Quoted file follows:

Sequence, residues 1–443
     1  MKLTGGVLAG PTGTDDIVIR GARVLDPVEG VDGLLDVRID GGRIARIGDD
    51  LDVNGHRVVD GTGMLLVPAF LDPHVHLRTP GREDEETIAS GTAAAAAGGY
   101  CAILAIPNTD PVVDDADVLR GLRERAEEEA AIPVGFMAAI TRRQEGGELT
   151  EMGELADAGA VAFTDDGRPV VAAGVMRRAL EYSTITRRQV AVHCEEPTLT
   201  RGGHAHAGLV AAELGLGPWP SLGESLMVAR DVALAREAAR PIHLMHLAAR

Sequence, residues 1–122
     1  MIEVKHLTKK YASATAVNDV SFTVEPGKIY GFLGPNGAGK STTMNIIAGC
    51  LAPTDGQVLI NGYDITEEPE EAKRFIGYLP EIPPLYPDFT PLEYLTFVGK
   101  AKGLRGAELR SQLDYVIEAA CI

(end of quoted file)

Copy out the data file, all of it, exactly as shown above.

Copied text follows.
Sequence, residues 1–443
     1  MKLTGGVLAG PTGTDDIVIR GARVLDPVEG VDGLLDVRID GGRIARIGDD
    51  LDVNGHRVVD GTGMLLVPAF LDPHVHLRTP GREDEETIAS GTAAAAAGGY
   101  CAILAIPNTD PVVDDADVLR GLRERAEEEA AIPVGFMAAI TRRQEGGELT
   151  EMGELADAGA VAFTDDGRPV VAAGVMRRAL EYSTITRRQV AVHCEEPTLT
   201  RGGHAHAGLV AAELGLGPWP SLGESLMVAR DVALAREAAR PIHLMHLAAR

Sequence, residues 1–122
     1  MIEVKHLTKK YASATAVNDV SFTVEPGKIY GFLGPNGAGK STTMNIIAGC
    51  LAPTDGQVLI NGYDITEEPE EAKRFIGYLP EIPPLYPDFT PLEYLTFVGK
   101  AKGLRGAELR SQLDYVIEAA CI